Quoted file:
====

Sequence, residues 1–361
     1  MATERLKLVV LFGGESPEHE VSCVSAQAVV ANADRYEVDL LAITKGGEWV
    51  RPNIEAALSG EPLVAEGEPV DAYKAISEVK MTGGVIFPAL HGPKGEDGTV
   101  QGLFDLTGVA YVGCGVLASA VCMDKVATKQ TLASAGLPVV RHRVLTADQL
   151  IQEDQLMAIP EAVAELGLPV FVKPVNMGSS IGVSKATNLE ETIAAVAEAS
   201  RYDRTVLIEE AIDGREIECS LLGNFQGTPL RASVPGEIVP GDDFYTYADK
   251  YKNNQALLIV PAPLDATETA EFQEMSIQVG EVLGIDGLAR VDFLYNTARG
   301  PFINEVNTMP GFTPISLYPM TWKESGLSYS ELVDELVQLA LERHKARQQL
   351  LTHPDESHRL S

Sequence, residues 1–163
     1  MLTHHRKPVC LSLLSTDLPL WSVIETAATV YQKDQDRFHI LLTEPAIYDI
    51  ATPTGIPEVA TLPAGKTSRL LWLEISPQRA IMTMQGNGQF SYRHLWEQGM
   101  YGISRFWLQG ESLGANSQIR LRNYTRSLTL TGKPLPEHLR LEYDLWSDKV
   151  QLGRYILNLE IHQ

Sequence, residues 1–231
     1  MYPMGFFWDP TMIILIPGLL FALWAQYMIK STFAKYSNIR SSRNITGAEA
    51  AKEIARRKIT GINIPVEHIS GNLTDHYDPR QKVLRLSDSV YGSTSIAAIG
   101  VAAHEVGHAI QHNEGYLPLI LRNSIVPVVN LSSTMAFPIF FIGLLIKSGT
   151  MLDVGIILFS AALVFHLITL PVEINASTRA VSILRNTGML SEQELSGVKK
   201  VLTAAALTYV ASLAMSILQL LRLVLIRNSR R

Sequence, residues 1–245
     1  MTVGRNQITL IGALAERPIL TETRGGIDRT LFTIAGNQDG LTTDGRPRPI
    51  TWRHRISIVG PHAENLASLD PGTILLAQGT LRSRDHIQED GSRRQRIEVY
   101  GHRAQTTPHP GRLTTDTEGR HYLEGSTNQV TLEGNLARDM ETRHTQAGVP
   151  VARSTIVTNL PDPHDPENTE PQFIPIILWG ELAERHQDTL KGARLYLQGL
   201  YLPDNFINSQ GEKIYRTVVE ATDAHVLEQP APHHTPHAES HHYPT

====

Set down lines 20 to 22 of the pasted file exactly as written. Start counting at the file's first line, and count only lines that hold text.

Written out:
   201  VLTAAALTYV ASLAMSILQL LRLVLIRNSR R

Sequence, residues 1–245
     1  MTVGRNQITL IGALAERPIL TETRGGIDRT LFTIAGNQDG LTTDGRPRPI